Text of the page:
Generally speaking, traditional publishers expect completed nonfiction book manuscripts to be between 50,000 to 75,000 words. Most traditional publishers will place restrictions on an author and require that the manuscript not exceed a specified word count, unless special concessions are made. If your manuscript is on the short side, make this clear when pitching to a publisher and give solid reasons why the book is under 50,000 words. Just know that the publisher might reject your proposal or tell you to call them back when you have a more substantial manuscript. Hooey!
The good news is that self-published authors have a lot more flexibility because you don’t have to worry about hitting quotas for word count. I advise authors to ignore word counts when writing. Just write a really great manuscript! If it ends up being too long, you can scale it back or offer readers bonus downloadable chapters. If it’s short, you can choose to publish it anyway or find ways to beef it up by adding case studies, photos, or interviews.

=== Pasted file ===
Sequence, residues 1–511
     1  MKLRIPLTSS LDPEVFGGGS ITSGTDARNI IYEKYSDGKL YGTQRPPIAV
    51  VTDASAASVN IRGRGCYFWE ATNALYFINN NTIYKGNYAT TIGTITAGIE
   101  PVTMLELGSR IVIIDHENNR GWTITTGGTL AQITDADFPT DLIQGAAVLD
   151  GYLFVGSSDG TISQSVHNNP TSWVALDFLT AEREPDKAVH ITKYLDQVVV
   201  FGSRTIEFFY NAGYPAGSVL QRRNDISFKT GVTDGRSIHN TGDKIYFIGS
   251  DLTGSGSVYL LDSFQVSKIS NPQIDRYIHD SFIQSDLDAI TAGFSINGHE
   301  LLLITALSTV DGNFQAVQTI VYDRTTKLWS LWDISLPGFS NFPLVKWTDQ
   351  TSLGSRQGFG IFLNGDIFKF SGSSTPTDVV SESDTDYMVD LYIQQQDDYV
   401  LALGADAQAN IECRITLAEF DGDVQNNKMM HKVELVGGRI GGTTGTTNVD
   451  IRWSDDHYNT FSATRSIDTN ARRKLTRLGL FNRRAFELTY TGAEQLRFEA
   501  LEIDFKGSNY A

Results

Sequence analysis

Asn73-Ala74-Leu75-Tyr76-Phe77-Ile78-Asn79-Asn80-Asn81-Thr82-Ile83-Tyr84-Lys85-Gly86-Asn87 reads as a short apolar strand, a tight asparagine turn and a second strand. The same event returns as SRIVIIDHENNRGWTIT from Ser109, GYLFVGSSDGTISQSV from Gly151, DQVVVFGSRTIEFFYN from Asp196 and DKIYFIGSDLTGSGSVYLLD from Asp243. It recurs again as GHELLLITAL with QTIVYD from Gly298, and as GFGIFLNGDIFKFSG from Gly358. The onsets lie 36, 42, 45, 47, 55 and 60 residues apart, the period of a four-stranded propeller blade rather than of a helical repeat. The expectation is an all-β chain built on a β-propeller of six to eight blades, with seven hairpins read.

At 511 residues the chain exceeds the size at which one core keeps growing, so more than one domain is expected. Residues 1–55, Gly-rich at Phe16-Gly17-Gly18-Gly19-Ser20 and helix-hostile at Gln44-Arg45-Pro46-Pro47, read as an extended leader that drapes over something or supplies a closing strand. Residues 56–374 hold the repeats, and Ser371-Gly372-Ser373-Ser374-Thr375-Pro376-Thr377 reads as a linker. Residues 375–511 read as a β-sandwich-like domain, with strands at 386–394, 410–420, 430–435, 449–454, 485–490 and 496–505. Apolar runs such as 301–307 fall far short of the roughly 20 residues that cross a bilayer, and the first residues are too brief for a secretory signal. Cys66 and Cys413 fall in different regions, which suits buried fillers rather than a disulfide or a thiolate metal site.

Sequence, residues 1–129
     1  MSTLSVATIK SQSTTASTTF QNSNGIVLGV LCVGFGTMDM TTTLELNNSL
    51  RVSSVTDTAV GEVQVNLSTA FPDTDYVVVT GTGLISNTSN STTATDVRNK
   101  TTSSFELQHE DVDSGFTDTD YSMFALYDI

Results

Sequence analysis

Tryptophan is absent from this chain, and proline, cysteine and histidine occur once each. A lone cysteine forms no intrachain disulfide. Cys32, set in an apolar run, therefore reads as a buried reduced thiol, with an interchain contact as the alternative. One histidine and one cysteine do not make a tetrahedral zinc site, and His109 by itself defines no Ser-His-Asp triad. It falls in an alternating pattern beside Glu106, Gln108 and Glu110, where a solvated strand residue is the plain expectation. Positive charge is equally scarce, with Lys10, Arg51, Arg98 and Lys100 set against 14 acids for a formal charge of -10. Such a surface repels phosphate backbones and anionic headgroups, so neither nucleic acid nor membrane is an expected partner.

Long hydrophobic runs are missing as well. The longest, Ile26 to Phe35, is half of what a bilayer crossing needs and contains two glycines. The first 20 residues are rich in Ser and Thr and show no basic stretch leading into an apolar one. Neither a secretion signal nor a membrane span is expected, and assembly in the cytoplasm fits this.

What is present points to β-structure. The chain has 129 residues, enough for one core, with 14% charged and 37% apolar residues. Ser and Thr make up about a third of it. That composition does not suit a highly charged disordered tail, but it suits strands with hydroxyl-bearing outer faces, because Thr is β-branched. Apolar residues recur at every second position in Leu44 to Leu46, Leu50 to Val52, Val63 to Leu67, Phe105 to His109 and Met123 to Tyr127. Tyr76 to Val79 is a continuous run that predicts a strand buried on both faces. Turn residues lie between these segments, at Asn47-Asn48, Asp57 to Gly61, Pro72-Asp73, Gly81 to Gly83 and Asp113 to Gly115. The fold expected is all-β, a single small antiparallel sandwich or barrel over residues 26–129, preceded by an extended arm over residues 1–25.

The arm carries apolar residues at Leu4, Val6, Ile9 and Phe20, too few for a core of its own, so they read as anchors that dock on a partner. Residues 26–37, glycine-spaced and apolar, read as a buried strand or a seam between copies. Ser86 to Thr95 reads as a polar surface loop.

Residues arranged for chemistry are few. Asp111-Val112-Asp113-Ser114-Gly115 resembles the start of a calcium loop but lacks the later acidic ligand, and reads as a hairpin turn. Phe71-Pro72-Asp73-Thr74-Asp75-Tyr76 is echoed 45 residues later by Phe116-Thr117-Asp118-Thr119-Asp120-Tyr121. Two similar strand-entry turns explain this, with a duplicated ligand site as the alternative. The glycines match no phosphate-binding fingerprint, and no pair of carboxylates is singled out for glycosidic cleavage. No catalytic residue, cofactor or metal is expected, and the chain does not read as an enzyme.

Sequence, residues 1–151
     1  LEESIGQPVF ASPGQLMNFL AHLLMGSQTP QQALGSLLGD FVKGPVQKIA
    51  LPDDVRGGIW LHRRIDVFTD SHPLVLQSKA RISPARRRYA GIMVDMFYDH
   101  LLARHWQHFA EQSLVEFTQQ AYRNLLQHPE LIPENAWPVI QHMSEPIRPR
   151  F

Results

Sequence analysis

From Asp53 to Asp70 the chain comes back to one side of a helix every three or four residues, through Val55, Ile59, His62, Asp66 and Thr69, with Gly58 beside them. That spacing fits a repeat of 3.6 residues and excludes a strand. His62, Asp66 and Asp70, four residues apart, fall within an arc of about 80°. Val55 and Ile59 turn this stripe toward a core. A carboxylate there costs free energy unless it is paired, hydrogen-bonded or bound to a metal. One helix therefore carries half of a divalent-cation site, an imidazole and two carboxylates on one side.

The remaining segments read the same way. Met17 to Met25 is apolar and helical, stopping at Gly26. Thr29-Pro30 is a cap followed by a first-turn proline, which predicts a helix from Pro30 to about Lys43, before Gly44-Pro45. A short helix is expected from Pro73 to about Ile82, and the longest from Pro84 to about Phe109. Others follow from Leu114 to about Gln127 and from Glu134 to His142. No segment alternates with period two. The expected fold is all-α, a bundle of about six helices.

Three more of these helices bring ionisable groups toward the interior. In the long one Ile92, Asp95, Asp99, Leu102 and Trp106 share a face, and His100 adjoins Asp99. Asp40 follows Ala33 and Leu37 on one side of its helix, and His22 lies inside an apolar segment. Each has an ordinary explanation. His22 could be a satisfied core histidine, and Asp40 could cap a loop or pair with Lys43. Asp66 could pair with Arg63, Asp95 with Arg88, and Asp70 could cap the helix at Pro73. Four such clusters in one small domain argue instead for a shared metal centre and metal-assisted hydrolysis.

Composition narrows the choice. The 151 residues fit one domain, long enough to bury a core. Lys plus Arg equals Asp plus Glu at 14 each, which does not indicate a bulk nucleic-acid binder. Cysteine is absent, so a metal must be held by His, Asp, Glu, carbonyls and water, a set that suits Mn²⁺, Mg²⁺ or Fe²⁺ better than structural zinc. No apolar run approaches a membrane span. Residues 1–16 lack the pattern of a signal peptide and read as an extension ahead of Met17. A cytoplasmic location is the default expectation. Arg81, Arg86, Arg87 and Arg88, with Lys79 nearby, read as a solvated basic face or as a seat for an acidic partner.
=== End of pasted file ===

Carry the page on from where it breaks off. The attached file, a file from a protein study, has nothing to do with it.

One of the big advantages of self-publishing is that you can create your own rules. We’ve published manuscripts that were just 20,000 words. And you know what? Some readers actually prefer a shorter book. It’s less intimidating than a book that rivals an encyclopedia. If you pick up a title that is 400 pages or more, you might think twice before reading it.
Bottom line: There is no hard and fast rule for how long your manuscript should be when you self-publish. If you’re concerned about the final page count for your book, you should know that the average 6×9 trade paperback features between 250 to 275 words per page. So if you write a 35,000 word manuscript, your formatted book will likely be around 140 pages.
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